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Friday, May 11, 2012


      We've arrived.  The flight from Toronto to Dublin was painless and we actually arrived ahead of schedule.  This is a really special bonus because it meant we beat all the other international flights to the customs agents and were able to cover the distance from plane to taxi stand in about fifteen minutes.  The only down side to it all was joining the rush hour crush into the city, but our driver wanted information about Disney World, so the time flew by.
     Good news!  The Brooks Hotel is still an oasis of comfort within an incredibly hip city.  Yes, Conner, the butler, is still there and he claims that he remembered me but couldn't place Mike.  What a charmer!  Still dressed in his cut away grey morning suit, wearing his "Best Of" lapel pins, perfectly shaved and every hair on his head brushed into obedience.  A deep three hour nap and Mike and I were ready to meet the city.
     Dublin is an incredibly young city.  Statistically, the average resident's age is somewhere in the mid 30's.  Even though the Celtic Tiger has been reduced to a quiet kitty during this economic downturn, the cities heartbeat is still beating loud and proud.  The restaurants and bars are packed with hip locals and a lot of German and Scandinavian tourists.
     Our first destination on our walkabout was The Queen Of Tarts, a wee little tea shop on Dame Street, near Dublin Castle.  Word of warning...if you are thinking that Dublin Castle is like something from a travel brochure, not so.  It has been modified, subdivided, updated, torn apart, rebuilt, rezoned and chopped.  A gate here, governmental offices over there, a bit of a remaining wall and if you squint your eyes a bit, you can almost see where they displayed the heads of slain enemies.  But, the castle holds great importance to the history of Ireland and is worth a guided tour if you want to understand it's landmark status.
     Following our late lunch we walked about a bit more and returned to our hotel in time for me to meet up with local knitting ladies.  I spent a spirited evening sitting with women who meet weekly in the bar at The Brooks to chat about their knitting and their lives.  I had been tipped off about this group by a chance meeting the week before with a young lady who had just returned to Canada from living a year in Dublin.  The two Clair's were the first to arrive and they graciously invited me to join them.  From that moment it was as if we had been friends for eons.  Knitting will do that!  Then along came Edel and we were joined by Keeko and a couple of others.  Edel, spent the entire evening making suggestions of sights, tastes and sounds of Ireland that she thought we would enjoy.  You could see that she had a special love and pride about her city and she wanted to open my eyes to all of it.  At the end of the evening, I was thankful to Lilly for introducing me to these women.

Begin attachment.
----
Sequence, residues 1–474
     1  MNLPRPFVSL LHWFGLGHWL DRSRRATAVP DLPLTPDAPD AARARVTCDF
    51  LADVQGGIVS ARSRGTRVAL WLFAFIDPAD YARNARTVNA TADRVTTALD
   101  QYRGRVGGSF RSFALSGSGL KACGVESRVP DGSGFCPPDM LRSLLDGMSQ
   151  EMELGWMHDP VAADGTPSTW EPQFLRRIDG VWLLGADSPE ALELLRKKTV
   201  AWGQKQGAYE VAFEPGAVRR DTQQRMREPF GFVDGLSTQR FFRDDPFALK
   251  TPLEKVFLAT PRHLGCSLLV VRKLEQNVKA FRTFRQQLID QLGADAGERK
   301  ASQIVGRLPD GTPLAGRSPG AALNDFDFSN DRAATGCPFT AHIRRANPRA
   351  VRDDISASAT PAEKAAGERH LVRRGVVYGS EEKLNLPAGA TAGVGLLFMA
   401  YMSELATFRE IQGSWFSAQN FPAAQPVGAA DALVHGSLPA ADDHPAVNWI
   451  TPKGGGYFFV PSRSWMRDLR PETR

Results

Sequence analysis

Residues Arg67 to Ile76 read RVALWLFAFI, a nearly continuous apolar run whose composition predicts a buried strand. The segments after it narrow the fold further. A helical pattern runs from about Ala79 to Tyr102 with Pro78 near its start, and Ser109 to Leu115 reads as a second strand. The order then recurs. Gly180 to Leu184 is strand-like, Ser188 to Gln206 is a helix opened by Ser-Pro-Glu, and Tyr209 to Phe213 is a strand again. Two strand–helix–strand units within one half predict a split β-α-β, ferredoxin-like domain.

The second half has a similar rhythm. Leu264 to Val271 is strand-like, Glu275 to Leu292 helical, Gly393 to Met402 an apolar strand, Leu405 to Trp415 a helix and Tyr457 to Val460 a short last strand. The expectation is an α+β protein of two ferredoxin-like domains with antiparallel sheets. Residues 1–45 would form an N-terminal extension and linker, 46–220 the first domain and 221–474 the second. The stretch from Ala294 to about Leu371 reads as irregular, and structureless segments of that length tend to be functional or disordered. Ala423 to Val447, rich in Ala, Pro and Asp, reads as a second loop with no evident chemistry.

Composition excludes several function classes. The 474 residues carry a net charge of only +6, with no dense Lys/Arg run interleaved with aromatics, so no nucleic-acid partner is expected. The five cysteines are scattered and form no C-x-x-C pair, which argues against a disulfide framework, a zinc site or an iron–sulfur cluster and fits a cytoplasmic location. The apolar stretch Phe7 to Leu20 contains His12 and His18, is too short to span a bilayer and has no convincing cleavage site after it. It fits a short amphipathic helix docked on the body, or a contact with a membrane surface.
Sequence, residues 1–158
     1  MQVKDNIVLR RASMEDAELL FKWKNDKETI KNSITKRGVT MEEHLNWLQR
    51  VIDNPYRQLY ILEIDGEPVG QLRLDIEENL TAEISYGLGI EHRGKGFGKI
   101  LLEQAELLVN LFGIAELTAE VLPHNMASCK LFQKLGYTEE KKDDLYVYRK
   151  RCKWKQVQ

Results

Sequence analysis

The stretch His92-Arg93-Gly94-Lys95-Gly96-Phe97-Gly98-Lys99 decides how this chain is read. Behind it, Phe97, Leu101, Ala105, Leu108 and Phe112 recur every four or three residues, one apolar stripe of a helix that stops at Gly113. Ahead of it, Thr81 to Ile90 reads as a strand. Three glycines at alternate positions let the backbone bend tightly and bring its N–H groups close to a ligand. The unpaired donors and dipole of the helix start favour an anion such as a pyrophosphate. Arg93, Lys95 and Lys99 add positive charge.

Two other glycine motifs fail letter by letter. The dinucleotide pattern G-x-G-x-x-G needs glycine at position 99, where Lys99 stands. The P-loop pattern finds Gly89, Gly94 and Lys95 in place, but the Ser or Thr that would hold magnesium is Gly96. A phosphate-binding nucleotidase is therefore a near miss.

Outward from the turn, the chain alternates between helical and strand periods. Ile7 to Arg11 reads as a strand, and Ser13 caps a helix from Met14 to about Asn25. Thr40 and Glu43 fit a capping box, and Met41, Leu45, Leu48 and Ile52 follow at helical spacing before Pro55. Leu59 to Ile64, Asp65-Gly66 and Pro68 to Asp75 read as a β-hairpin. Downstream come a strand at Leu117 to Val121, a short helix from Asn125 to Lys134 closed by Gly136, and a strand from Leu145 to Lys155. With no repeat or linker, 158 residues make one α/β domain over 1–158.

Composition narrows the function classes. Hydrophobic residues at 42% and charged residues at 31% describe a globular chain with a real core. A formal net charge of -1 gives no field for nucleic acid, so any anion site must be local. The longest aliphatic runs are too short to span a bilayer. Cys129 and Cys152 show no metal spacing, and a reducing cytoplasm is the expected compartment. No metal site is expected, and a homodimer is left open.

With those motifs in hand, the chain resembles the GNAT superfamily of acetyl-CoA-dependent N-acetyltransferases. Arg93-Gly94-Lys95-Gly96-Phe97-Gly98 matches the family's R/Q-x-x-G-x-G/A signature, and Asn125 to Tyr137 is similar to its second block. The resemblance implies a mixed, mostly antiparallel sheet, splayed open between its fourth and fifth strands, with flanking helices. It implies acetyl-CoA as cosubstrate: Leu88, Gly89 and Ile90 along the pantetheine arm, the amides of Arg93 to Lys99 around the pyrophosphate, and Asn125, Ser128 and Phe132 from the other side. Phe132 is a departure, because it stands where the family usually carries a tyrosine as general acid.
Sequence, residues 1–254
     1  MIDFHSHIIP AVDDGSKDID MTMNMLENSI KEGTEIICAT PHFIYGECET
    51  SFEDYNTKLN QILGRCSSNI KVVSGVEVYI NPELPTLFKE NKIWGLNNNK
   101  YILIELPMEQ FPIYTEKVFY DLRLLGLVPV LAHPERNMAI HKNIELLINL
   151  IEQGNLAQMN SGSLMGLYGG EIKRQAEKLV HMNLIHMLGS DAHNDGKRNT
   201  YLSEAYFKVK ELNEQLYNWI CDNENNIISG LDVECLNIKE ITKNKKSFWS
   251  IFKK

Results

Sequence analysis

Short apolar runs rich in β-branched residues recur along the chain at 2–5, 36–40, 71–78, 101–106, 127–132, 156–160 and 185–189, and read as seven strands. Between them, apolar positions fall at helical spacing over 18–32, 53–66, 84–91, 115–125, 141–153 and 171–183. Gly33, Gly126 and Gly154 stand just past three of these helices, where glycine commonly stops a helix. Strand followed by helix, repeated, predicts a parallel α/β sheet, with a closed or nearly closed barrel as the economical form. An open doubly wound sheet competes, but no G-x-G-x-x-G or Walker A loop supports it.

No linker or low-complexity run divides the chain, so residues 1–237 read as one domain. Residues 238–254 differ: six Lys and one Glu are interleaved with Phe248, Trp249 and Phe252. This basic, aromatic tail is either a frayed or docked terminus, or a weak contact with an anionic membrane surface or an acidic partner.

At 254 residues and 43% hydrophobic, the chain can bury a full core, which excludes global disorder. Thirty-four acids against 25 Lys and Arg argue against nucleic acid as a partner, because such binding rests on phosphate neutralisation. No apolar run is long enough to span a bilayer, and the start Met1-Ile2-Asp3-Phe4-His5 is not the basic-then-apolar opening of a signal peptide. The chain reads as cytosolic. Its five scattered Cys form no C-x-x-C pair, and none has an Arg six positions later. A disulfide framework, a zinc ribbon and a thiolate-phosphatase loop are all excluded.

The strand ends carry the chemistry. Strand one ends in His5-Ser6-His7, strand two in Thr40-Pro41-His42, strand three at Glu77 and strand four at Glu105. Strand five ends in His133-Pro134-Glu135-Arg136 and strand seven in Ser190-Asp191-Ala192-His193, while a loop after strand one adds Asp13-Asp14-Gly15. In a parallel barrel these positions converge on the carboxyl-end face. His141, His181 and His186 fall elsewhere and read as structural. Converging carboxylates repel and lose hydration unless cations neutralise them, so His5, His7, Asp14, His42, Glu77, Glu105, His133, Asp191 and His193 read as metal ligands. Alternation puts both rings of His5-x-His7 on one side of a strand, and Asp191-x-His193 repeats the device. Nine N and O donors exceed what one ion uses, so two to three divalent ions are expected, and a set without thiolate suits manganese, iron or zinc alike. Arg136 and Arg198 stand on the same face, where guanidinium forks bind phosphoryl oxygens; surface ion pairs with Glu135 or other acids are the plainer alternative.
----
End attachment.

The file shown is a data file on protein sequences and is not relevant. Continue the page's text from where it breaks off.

After knitting, Mike and I walked two short blocks to a trendy little alleyway named Coppinger Row, filled with chic restaurants and very hip patrons.  We found a corner table in the front window and both ordered the roast lamb dinner.   It always surprises me when Americans turn there nose up at lamb.  But, I must say that over the years I too have had some pretty strong mutton that has been labeled as lamb, and am usually cautious about ordering it.  But, Irish lamb is a unique meat and is to be ordered when ever possible.  That, a nice bottle of red wine and the crisp linens at The Brooks insured a great sleep for us.
    Friday we awoke to find a bright and crisp morning.  But, not to worry, because the soft rain returned by noon.  Now, about breakfast.  Where else but The Brooks would you start your day with the most lovely bowl of Irish porridge, sprinkled with brown sugar (not the American sort) and swimming in cream with a dash of whiskey?  Who would have ever thought of this?  I am here to tell you that whiskey is the perfect topping to porridge.  This gave us a proper start for a full day of walking.
     Trinity College and Temple Bar got most of our attention on Friday,  These are two places not to be missed.  Granted, Temple Bar is a bit touristy, but still great fun.  A pint of Guinness here, a cheese tray there, and buskers every twenty feet.  For dinner, we managed one more pub and more Irish fare.  Mike had the sausages with chips and I had a steaming bowl of Irish stew.  I have decided that a proper Irish stew is something I am going to ask Mary to teach me about during our stay in Dingle.  Remember Mary?  Read this blog back in 2009 and you will get re-aquainted with Mary and her mad kitchen magic.  Then, stay turned here and you will see that we are spending ten days in Dingle, at a holiday house with Mary.  But, I am getting ahead of myself.
      Tomorrow we take the train to Killarney for a four night stay.  So, good night all!

1 comment:

Favourite Son #2 said...

Clearly, this is a picture of where you drank your breakfast.